Workplace Learning, Culture and Performance

Industrial and Commercial Training

ISSN: 0019-7858

Article publication date: 1 April 2000

771

Keywords

Citation

Mumford, A. (2000), "Workplace Learning, Culture and Performance", Industrial and Commercial Training, Vol. 32 No. 2, pp. 77-77. https://doi.org/10.1108/ict.2000.32.2.77.1

Publisher

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Emerald Group Publishing Limited


This is a review of the literature on work‐based learning, conducted by Tavistock for the Institute of Personnel and Development (IPD). Amongst its conclusions are: “We do not have a good picture of how much work‐based learning activity is actually going on, or what form it takes. Surveys of employers’ training and management practices are one form of data, but they focus primarily on the more planned and structured activities as part of on the job training.” One reason for this is that “in this newer understanding, learning is part of the process of production and integral to the way in which work is organised”. In addition “unlike training which has specified learning outcomes, a curriculum and pedagogy, a great deal of workplace learning is open ending and ill specified”.

The authors identify some useful international comparisons: “unlike in Germany and Japan national learning culture in the UK does not engender a widespread commitment to learning in the workplace”.

This is a useful survey and one which certainly identifies some major features requiring further investigation. The authors suggest there is a difference in whether workplace learning is associated with competencies or more general employee development schemes. To this reviewer either would be acceptable but an effective development scheme might of course have a substantial competency focus. The authors make the point (which may be obvious to most of us in the development world, but is not obvious to most managers), namely that, while people learn without recognising the fact of learning, learning is much more effective if it is made more conscious.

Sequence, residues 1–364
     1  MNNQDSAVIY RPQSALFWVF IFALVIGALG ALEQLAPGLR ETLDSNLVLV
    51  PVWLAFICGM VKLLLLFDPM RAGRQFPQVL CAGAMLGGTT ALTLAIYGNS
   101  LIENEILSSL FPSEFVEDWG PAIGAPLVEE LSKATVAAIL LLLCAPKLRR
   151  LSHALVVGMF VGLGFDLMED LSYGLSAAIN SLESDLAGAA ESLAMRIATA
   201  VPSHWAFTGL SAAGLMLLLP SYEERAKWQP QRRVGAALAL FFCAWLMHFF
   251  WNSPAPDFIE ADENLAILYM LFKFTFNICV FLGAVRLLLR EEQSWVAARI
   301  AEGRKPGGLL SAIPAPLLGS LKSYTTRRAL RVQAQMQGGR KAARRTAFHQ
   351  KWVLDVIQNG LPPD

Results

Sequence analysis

They stress that managers are more often rewarded for processing knowledge than for distributing it. This important point is made as part of some general comments about current emphasis on the learning organization, on which they are, quite rightly in my view, rather suspicious of the lack of evidence for real achievements.

There are two missing features. There is nothing on learning theory, to which any effective workplace learning process ought to be related. Nor is there anything about the different methods through which people learn in the workplace.

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